What exactly is going on here?
When it comes to fantasy mythology there are dwarves and then there are dwarves. I'm inclined to draw a historical delineation across whatever year it was that J.R.R. Tolkien published his Lord of the Rings trilogy. After The Hobbit. Maybe even after The Fellowship of the Ring. Gimli the dwarf, while most assuredly the main culprit responsible for the dwarves downfall from fanciful fairy tale creature to hardened badass warrior wasn't all that bad prior to the Battle of the Hornburg ("Helm's Deep") where his portrayal goes from dwarf companion to "orc-slaying-axe-machine." Where he shows that a dwarf is some kind of melee titan of destruction.
Ugh. Ugh. Ugh,
Okay, just please stop for a second. Lots of folks hate on Tolkien's "vanilla-flavored fantasy" and its influence on D&D. People have been trying to re-skin D&D dwarves in all sorts of ways for years. Gygax's dwarves (see his Gord fiction) have been reviled in some circles, but at least they're deemed to be somewhat different. As an archetype, the D&D dwarf usually ends up looking something like the dwarves in DragonLance...well, they did prior to 3rd edition and the advent of their ascendance as fighters par excellence.
Let's set aside the game for a moment. As a a child, I loved fairy tales. As an adult, I still do...though I'm hard-pressed to find the same sort of magical worlds I did when I was younger (I don't know if this is because of my adult outlook, the lack of decent fairy tale literature at my disposal, or some combination of the two). Fairy tale dwarves...whether they're little miners found in Snow White, sinister wish-granting types like Rumpelstiltskin, or Unseelie faerie-folk...are cool. Even if I set aside my normal shtick of dwarves as inhuman aliens, giving them human-ish traits and personalities (for the purpose of taking up the role of "adventurer"), I like the idea of these little guys with beards that possess their own brand of "earthy" magic. Certainly, all fairy tale dwarves seem to have a "thing" for gold (a relationship with it and ability to produce it, if not the outright avarice depicted in many tales). And "treasure-seeking" has always been the heartbeat the propelled adventurers into the wonder and mysteries of the fantasy RPG.
Well, originally, anyway.
Thorin Oakenshield of Tolkien's The Hobbit is one such adventurer. Yes, he's got human traits...a little arrogance (a sense of self-importance), desires for wealth and revenge, a loyalty to his people and kin, etc. But he's still just a little dwarf. Not a great hero nor a great warrior, though an experienced one. He manages to bash a troll in the face with a log, but he doesn't go armed until after finding an elven sword (and later, after putting on the still-remaing armor of his people lying in Erebor). He has to be told by Gandalf to turn, draw sword, and do battle with the goblins during the dwarves' flight below the Misty Mountains, and it is only the treasure-inspired avarice (and madness) of the dragon hoard that compels him to gird for war against the humans and elves that lay siege to his mountain.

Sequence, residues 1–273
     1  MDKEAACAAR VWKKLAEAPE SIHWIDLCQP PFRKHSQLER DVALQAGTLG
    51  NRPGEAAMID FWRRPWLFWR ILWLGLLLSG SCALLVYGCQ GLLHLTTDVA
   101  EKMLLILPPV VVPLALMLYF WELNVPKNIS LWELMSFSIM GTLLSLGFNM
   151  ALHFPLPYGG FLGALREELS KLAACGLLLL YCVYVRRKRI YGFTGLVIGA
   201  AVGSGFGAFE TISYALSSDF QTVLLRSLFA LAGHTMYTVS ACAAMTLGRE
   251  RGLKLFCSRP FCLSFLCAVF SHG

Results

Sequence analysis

And this is an experienced dwarf...one that fought against the goblins of Moria. The rest of the dwarves in his company are far less fight-worthy, simply fleeing from one opponent after another (as they can), until cornered and compelled to make a stand. These are not warriors. They are not useless, mind you, and they show great courage in facing the perils and travails of their venture (not to mention skill and cunning at times and an ability to loyally stick together even through hardship that might drive them apart). But warriors-born? No.
And this is reflected in the original version of D&D. Men & Magic (volume 1 of the little brown books) allows characters to play dwarves who advance as fighting men with a maximum level of six. 6th level ain't much of a step up from hobbits (er...halflings) or elves, both of whom are limited to 4th level fighting ability. A 4th level fighter uses the exact same save tables as a 6th level fighter; if using the variant combat system presented in OD&D (as opposed to the Chainmail combat system), they have the exact same attack chance (which, incidentally, is the same as a 4th-6th level fighter in B/X). The only advantage a dwarf receives from their two extra levels is an extra 2D6 worth of HPs (plus bonuses if the dwarf has a high CON score). This is nothing compared to the human warriors who can reach the breakpoint of 7th level with its +3 bonus to attacks, +2 to all saves (except dragon breath, which is +3), and an extra D6+1 hit points. And, of course, human fighters have no restriction on levels and can reach those even loftier breakpoints at 10th, 13th, and 16th levels.
Greyhawk (Supplement I) extended dwarves abilities considerably by allowing them to advance to 7th and 8th levels (with a STR score of 17 or 18), as well as allowing dwarves to roll D8s for hit dice. However, the latter isn't that fantastic a bonus...ALL fighting men (including Hobbits and Elves) receive D8s for hit dice in Greyhawk; there was no cursory restriction placed on them for their species as occurred in the later Basic volumes. In many ways, I see Greyhawk as a response to the (perhaps unforeseen) popularity of the game...people were playing a lot of D&D and working their characters characters into the stratosphere, level-wise. These level extensions (along with the unlimited leveling of the Greyhawk-introduced thief class) allowed demihuman PCs to "keep up with the Joneses." A concept (the dwarf) that had been conceptualized in a particular way was slowly morphing into something else.